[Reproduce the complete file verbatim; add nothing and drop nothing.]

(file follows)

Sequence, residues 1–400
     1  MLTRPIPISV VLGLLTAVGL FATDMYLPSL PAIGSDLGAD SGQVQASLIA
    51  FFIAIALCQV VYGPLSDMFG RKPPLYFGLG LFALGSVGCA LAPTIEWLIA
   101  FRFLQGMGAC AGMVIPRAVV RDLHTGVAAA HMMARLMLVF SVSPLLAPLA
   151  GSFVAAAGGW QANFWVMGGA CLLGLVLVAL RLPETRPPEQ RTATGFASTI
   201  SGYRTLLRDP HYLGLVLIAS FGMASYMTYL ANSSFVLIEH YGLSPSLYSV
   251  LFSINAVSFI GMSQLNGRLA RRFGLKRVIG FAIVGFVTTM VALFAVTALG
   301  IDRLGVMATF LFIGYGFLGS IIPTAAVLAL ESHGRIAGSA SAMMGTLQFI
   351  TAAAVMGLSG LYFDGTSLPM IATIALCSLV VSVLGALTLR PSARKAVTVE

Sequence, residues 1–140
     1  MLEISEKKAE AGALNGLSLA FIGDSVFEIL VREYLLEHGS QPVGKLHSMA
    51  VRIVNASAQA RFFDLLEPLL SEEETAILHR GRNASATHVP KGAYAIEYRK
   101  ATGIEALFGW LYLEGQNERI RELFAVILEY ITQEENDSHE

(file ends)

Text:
Sequence, residues 1–400
     1  MLTRPIPISV VLGLLTAVGL FATDMYLPSL PAIGSDLGAD SGQVQASLIA
    51  FFIAIALCQV VYGPLSDMFG RKPPLYFGLG LFALGSVGCA LAPTIEWLIA
   101  FRFLQGMGAC AGMVIPRAVV RDLHTGVAAA HMMARLMLVF SVSPLLAPLA
   151  GSFVAAAGGW QANFWVMGGA CLLGLVLVAL RLPETRPPEQ RTATGFASTI
   201  SGYRTLLRDP HYLGLVLIAS FGMASYMTYL ANSSFVLIEH YGLSPSLYSV
   251  LFSINAVSFI GMSQLNGRLA RRFGLKRVIG FAIVGFVTTM VALFAVTALG
   301  IDRLGVMATF LFIGYGFLGS IIPTAAVLAL ESHGRIAGSA SAMMGTLQFI
   351  TAAAVMGLSG LYFDGTSLPM IATIALCSLV VSVLGALTLR PSARKAVTVE

Sequence, residues 1–140
     1  MLEISEKKAE AGALNGLSLA FIGDSVFEIL VREYLLEHGS QPVGKLHSMA
    51  VRIVNASAQA RFFDLLEPLL SEEETAILHR GRNASATHVP KGAYAIEYRK
   101  ATGIEALFGW LYLEGQNERI RELFAVILEY ITQEENDSHE